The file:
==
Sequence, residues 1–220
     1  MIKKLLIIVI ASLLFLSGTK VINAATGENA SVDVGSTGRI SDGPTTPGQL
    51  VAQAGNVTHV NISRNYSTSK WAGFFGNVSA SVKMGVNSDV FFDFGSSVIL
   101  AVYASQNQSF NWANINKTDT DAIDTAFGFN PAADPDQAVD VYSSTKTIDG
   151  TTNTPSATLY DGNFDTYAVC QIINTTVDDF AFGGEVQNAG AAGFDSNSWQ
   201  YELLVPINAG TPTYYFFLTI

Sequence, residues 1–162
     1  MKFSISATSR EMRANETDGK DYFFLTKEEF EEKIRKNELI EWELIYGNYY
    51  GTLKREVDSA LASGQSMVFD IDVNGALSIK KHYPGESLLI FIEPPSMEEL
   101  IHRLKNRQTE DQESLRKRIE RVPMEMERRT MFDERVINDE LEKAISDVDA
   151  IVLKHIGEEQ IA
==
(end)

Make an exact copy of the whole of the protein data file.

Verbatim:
Sequence, residues 1–220
     1  MIKKLLIIVI ASLLFLSGTK VINAATGENA SVDVGSTGRI SDGPTTPGQL
    51  VAQAGNVTHV NISRNYSTSK WAGFFGNVSA SVKMGVNSDV FFDFGSSVIL
   101  AVYASQNQSF NWANINKTDT DAIDTAFGFN PAADPDQAVD VYSSTKTIDG
   151  TTNTPSATLY DGNFDTYAVC QIINTTVDDF AFGGEVQNAG AAGFDSNSWQ
   201  YELLVPINAG TPTYYFFLTI

Sequence, residues 1–162
     1  MKFSISATSR EMRANETDGK DYFFLTKEEF EEKIRKNELI EWELIYGNYY
    51  GTLKREVDSA LASGQSMVFD IDVNGALSIK KHYPGESLLI FIEPPSMEEL
   101  IHRLKNRQTE DQESLRKRIE RVPMEMERRT MFDERVINDE LEKAISDVDA
   151  IVLKHIGEEQ IA